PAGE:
by Glen Herbert
“I always wanted that building to be refurbished,” says Lena Patten, owner of Hilltop Interiors in Rosseau. The Log Cabin is one of the signature structures of the RLC campus and, if not one of the first things people see when they arrive on site, it’s a building that invariably captures their attention.
The cabin was first constructed to serve as Lady Eaton’s sewing room, this when the property was the grand Eaton estate. Lady Flora Eaton was born in Omeemee and, marrying into the Eaton family, went on to become a socialite and philanthropist, certainly very well known in her day. The cabin was her retreat from the bustle of the mansion that once stood roughly where Brock House is today.
For Lena, the building signals that history and then some, including the uniqueness of the school, of which she’s particularly proud. Over the years Lena’s been an RLC parent and a volunteer; she’s served on building committees, and fundraising committees, and has been an indefatigable champion of the school. Which is why she is delighted to see the cabin being restored to its past grandeur. This past summer and fall the hung ceiling was removed, revealing the beams: straight logs, bark removed, finished to bring out the character and the knots. The chimney, like the beams, had been obscured by the hung ceiling. The walls were uncovered, and the logs cleaned and refinished. It was like unwrapping an early Christmas gift.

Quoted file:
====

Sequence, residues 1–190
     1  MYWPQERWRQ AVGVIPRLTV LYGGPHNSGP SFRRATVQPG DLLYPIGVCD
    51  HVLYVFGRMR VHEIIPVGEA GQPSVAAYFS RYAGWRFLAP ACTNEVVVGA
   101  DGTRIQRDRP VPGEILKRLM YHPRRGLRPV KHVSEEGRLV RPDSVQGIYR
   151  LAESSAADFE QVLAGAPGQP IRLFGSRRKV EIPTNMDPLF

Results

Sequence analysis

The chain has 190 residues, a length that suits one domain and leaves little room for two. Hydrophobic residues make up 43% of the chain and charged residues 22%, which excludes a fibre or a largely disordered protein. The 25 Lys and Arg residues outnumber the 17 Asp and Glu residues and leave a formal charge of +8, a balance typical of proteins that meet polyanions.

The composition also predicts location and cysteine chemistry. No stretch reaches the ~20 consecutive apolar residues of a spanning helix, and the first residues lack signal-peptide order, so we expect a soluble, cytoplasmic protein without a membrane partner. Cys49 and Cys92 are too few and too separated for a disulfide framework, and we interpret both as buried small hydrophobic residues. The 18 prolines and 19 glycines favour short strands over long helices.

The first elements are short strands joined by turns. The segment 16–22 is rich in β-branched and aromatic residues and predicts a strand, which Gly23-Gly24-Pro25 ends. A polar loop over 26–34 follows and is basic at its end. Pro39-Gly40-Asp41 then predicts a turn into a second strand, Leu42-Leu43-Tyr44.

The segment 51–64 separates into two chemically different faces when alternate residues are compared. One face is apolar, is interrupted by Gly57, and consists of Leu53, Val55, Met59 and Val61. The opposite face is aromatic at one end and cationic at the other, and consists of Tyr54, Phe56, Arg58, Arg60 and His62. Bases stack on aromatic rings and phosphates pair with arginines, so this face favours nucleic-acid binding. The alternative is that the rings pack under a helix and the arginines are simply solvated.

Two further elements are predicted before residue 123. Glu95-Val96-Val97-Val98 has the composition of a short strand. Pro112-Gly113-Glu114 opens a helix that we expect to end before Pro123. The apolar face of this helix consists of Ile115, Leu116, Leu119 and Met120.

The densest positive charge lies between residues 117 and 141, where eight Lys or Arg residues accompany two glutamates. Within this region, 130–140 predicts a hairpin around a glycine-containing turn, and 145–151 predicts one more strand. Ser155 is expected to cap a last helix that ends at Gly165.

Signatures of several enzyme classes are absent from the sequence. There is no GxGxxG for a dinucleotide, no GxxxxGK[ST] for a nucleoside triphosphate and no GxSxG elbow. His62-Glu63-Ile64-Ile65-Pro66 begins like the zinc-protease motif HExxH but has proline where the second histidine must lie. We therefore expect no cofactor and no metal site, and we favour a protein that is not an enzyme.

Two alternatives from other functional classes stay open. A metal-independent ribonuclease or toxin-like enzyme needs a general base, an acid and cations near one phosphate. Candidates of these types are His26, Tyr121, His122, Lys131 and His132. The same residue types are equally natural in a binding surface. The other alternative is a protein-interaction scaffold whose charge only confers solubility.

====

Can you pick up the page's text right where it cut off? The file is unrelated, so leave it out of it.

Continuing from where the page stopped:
And then there’s the sofa. “I would call it a parlour sofa,” says Lena. “To me it’s not your typical sofa that has, you know, tons of cushions and back cushions.” It really isn’t. Its heavy, with broad wood armrests. “It’s very beautiful,” she says, “but it’s not that comfortable.”
It’s unique in every way. Flora’s parents were Irish immigrants, and her father built cabinetry, though—as delightful as it would be—it’s probably too much to imagine that he had a hand in building the sofa. But it's just one of those pieces that is so singular that it makes the mind wander. Lena imagines Lady Eaton and her friends having tea, true to the style of that era: elbows in, backs straight, everyone hatching plans and sharing gossip.
The fact that it’s here is a story unto itself. Some years ago, Lena was asked if she’d be interested in having it. The provenance was clear, and her answer was, yes, one hundred percent yes. “My thinking was that it could be refinished and given back to the school,” so she put it in storage, waiting for the right moment. “It was just something that I saved.”
Then, earlier this year, Dave noted to her that the building was going to be restored and wondered what kind of furniture she’d suggest. “I was tickled and happy that he’d asked me, because of course I had the perfect piece to go in front of the fireplace.”
She had it upholstered in blue, a signature RLC colour, and paired it with a small chair that, while not from the Eaton estate, is nevertheless from one of the historic cottages on Lake Rosseau.
And, a few weeks ago, the sofa and the chair were moved in. It just feels right. Thanks to Lena and Randy Patten of Hilltop Interiors for the donation of the couch, the armchair, and the chandelier in addition to guidance with the interior design. Another huge thank you to Carol and Peter Newall for their contributions of time and vision toward appointing this beautiful space.
Would Lady Eaton be proud? It’s hard to know. But we are.